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Christopher Grey

Christopher Grey FAcSS is Professor of Organization Studies at Royal Holloway, University of London and Visiting Professor at Université Paris-Dauphine.

Before that he held Professorships at the Universities of Warwick and Cambridge, where he was also a Fellow of Wolfson College. Publications include Decoding Organization: Bletchley Park, Codebreaking and Organization Studies (Cambridge University Press, 2012) and Secrecy at Work: The Hidden Architecture of Organizational Life (Stanford University Press, 2016).

Latest Articles

The Brexit election: where the opposition parties stand

It seems almost inevitable that the Tories will win the election and, probably, with an increased majority. But that is not certain. This is an election like no other, for many reasons.

What might Trump's election mean for Brexit?

There are obviously many connections between Trump’s victory and the Brexit vote,

Facts about Brexit

The Electoral Reform Society has produced a report saying that

Trade, sovereignty and the car industry - who is behind the wheel?

Two of the defining issues of the Referendum campaign are trade and sovereignty, but what does the example of the car industry tell us?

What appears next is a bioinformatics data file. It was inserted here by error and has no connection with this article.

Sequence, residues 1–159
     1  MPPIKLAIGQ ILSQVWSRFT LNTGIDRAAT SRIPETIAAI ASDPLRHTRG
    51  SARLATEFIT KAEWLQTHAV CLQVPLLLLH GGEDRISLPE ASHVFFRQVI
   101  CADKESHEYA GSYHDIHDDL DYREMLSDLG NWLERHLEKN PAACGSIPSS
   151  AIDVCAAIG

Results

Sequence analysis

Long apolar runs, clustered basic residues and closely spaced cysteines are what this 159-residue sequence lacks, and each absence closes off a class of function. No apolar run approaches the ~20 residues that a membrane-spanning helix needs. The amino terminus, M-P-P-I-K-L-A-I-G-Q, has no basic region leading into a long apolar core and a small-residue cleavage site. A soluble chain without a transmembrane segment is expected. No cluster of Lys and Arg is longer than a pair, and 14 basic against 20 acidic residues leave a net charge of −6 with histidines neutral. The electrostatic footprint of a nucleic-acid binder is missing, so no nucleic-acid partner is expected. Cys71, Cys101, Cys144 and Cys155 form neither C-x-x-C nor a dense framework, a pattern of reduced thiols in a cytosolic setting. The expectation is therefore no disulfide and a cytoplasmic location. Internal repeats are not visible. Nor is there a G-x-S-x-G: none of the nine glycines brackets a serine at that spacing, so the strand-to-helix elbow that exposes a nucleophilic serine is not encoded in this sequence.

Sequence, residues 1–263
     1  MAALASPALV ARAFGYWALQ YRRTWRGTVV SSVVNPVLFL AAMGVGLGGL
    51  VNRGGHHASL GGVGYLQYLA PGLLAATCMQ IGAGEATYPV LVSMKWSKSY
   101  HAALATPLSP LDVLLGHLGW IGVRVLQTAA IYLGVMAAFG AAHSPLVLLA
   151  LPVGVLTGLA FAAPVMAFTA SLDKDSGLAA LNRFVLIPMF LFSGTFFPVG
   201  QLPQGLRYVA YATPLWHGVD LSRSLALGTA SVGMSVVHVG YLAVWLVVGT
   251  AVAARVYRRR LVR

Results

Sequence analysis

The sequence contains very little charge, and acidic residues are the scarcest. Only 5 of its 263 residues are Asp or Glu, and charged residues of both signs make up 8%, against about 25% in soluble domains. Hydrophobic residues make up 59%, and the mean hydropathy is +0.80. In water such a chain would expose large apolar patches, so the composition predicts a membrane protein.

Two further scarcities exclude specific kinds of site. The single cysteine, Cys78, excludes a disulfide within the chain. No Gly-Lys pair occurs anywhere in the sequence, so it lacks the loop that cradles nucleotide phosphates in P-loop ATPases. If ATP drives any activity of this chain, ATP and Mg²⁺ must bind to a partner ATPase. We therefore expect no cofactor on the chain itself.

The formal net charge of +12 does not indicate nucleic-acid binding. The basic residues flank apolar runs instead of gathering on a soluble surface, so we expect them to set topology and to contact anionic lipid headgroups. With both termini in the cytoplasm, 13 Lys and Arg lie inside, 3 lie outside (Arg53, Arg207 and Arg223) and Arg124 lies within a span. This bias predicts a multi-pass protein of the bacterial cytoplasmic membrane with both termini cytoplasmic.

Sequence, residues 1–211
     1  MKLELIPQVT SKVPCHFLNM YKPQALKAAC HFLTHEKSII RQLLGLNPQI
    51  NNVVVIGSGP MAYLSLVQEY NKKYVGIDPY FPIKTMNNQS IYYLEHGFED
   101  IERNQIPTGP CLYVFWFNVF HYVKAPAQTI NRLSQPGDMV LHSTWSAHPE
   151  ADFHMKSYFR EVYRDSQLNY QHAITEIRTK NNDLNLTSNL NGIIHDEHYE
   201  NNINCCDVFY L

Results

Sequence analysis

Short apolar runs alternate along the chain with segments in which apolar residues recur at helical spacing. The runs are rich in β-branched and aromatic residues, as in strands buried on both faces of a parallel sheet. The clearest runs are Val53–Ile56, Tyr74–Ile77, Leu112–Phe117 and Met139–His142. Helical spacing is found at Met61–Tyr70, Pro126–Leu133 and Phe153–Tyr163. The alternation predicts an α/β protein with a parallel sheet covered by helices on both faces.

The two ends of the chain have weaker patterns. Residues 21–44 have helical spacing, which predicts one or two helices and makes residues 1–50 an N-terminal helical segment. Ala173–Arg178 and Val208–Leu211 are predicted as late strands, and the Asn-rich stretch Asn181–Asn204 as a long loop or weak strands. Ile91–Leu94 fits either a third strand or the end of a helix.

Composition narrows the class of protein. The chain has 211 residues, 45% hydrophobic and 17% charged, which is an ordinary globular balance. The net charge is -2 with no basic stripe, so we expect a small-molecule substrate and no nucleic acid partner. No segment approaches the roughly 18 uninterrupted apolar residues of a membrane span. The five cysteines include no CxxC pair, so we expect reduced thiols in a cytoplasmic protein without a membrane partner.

TTIP and the NHS: a reason for Brexit?

Amongst the various arguments for Brexit, one in particular has growing traction with those on the political left.

Brexit myths

British Euroscepticism has long been dependent on myths that are too numerous to catalogue.

How would post-Brexit trade deals actually work?

Of the various ways of leaving the EU, something like the “complete Brexit” option is favoured by many: Britain would make a Free Trade Agreement with the EU, or trade with it under World Trade Organisation most-favoured-nation (MFN) rules. It will also regain its WTO seat and make trade deals with other countries to replace those it enjoys via the EU. So, how realistic is it?

Why the sovereignty argument doesn't work

As a UK Referendum on EU membership gets closer, much is being made by those urging exit of the idea of national sovereignty. Indeed for some Brexiters this is the defining issue. What they mean by sovereignty seems to be that a country can make its own laws and act independently of all other countries. Whether such a situation ever obtained is highly questionable; but it certainly hasn’t obtained for the UK or any other country in recent times.

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